The demand for Energy Storage Systems, once shunned as being too premature for the market, is expected to see a rapid expension soon through the Park Geun-hye government’s initiative for creating and launching new power management systems.
On Sunday, the government announced its plans to create a new market for energy demand management by applying the technologies from the nation’s information, communications and technology companies, otherwise known as ICTs.
The move was in line with Seoul’s bigger blueprint for a more effective power-conserving campaign that would also be in line with Park’s drive to promote the ICT sector.
The announcement spurred a surge in Energy Storage System shares, and experts expect the upward trend to continue for some time.
“The government’s energy policy used to focus on the supply side by creating more plants in the past. However, as power shortage becomes a short-term issue, the policy focus is shifting to demand management,” said Han Byung-wha, a researcher at Hyundai Securities.
By promoting smart grid systems through ESS and EMS, the government is aiming to encourage companies to save wasted energy and use it when necessary, and this initiative is expected to be long-term.
Shares of Samsung SDI, an ESS supplier, on Monday soared 3.94 percent to 171,500 won from the previous day, and Iljin Materials jumped 2.89 percent to 16,000 won. SDI shares closed at 171,000 won, up 3.64 percent from Friday.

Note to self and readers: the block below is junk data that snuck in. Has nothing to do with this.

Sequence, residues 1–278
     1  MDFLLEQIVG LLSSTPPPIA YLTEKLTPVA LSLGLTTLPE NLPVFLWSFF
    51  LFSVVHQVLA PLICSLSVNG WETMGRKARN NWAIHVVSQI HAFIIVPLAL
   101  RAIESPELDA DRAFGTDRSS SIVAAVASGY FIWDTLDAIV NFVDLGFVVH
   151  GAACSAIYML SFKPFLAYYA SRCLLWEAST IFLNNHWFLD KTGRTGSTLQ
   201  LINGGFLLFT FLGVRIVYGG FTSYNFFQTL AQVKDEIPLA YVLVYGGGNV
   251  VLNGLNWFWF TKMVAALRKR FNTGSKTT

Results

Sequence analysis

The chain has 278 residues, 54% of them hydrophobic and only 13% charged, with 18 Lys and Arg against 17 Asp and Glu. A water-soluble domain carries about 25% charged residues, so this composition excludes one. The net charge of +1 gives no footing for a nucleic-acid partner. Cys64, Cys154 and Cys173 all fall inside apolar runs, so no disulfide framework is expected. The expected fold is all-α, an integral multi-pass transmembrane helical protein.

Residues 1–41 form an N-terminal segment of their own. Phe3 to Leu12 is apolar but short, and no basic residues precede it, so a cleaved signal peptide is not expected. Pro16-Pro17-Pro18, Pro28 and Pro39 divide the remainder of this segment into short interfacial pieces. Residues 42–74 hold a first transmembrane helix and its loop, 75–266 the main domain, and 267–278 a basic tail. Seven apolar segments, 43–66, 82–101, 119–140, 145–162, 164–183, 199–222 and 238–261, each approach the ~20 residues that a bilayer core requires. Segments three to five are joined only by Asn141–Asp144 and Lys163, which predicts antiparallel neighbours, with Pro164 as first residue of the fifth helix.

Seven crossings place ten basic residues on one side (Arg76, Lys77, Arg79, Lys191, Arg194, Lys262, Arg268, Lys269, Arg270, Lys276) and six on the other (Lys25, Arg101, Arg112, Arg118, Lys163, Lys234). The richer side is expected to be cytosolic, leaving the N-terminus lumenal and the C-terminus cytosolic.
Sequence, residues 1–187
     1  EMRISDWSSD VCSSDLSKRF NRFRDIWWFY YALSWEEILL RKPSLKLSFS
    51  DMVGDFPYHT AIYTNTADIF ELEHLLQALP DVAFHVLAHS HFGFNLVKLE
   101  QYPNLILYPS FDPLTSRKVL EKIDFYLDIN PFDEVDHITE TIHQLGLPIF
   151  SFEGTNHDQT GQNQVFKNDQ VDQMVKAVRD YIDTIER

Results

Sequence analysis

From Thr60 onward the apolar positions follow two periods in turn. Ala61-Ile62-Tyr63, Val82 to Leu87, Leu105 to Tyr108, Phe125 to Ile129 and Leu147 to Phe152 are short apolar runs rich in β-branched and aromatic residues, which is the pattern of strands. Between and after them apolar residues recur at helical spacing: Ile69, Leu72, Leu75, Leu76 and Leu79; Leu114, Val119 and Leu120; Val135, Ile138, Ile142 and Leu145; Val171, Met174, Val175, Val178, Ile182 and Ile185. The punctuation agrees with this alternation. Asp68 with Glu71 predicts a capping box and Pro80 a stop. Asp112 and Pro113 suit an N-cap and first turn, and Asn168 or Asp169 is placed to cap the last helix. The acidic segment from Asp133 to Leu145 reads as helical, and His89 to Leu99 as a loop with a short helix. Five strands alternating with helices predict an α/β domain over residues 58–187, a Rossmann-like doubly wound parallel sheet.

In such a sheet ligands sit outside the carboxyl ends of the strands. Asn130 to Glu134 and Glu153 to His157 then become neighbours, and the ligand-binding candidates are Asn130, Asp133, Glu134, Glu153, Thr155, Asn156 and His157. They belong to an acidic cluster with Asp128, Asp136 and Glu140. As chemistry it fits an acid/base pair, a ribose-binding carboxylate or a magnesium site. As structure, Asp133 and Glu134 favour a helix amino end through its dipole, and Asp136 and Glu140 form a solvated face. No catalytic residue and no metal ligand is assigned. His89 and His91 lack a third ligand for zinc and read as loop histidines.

Other ESS-related shares also reacted. In midday trading, POSCO ICT shares rose to 10,000 won, up 6.84 percent from the previous day to close at 10,050 won. POSCO ICT is behind Smart Renewable, a smart-grid demonstration project on Jeju Island in 2010.
Shares of Sang-A Frontec, a supplier of ESS and electric car parts to Samsung SDI, rose 2.29 percent to 7,600 won.
ESS is a device that stores electricity when the demand is low and provides stored electricity when the demand is high. This improves energy efficiency and stabilizes operations of the electricity grid.
Further, the government plans on creating a market where companies can resell the electricity they saved, taking a page from how carbon credits are sold globally to help reduce carbon emission.
Seoul also will encourage 30 large-scale companies with a contract demand of over 300,000 kilowatts to install ESS, the 5 percent level of their contract demand. If voluntary installation does not work, it may gradually become obligatory, as the government pushes through with its plans.
By Shin Ji-hye (email@example.com